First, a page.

Well, okay, maybe not quite THAT good.
BUT when I started the day, I had two courses to do for this semester and five incompletes to finish.
Now I’ve largely got one of the current courses FINISHED, and I’m more than halfway done with incomplete #5. That’s the course that I detest, English 2111 (Ancient World Literature). It’s been getting in the way of doing anything else.
I figure 1.5 courses (3 semester hours each) in one day is pretty damned good.
It isn’t that I dislike the material in the literature course so much. I shouldn’t have to take any more literature courses, but if I do I don’t want to do them online. I think.
I really miss the discussions. Unfortunately, the other people in the online course seem to be completely incapable of grasping the fact that much of the material we studied is from a pre-Christian era. They see everything through a contemporary Protestant worldview, and their grasp of the material is, shall we say, extremely limited.
I believe that passing a GOOD comparative religions class should be required before taking this course. Actually, I think that’s the case for most courses that require any actual critical evaluation of just about anything. It certainly should have been a prerequisite for the Science, Technology, & Society course I took last semester.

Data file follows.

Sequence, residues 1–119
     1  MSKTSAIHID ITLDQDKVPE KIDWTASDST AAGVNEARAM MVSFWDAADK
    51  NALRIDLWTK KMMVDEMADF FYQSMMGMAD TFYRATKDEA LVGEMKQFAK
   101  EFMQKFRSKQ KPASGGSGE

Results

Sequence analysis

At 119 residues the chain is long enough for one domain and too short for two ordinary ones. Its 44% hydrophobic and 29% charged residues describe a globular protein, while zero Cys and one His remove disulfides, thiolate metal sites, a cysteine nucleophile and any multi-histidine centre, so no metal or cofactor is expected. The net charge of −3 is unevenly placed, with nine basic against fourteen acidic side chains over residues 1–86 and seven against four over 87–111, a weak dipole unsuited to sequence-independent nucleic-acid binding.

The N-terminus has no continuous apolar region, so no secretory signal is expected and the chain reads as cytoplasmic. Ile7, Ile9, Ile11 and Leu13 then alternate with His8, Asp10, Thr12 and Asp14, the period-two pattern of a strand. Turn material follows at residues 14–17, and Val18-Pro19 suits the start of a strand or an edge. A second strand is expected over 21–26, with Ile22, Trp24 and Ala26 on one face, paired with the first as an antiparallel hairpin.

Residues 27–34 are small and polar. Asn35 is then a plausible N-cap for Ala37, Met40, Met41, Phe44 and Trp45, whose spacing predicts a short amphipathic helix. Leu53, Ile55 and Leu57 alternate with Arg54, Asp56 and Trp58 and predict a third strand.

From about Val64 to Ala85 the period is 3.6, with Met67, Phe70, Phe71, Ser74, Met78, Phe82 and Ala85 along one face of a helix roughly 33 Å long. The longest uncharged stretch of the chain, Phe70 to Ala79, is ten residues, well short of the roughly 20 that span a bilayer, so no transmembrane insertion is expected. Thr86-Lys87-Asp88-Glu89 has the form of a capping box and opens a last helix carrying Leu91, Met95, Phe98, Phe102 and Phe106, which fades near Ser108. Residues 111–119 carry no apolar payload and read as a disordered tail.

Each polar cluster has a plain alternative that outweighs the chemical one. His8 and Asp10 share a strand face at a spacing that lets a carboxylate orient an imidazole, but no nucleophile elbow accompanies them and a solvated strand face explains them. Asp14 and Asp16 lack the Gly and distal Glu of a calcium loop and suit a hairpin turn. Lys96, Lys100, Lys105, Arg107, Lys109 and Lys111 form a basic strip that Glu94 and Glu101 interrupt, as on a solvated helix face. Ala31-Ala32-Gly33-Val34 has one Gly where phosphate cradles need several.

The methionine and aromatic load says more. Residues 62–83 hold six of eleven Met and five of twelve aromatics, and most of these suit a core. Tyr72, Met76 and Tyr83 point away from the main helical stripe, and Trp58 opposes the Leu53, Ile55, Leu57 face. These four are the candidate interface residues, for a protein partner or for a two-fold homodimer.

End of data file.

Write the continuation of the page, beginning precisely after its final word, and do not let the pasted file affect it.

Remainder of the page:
Unfortunately, while I think there is a world religions course at SPSU, I don’t know that it’s any good. I wouldn’t count on it. I’m fairly certain that there isn’t one offered in the eCore program (Georgia University system’s online core curriculum). The fact that I don’t need the credits for it, but I’d take it anyway if I had the time and energy, is simply a mark of what a geek I am.
shadowkatt and I were talking about professors and teaching styles this afternoon. She wondered if there’s a job that allows you to be a mystery shopper for college courses. I don’t think it exists, but I agree with her that it would be a pretty cool job if it did exist.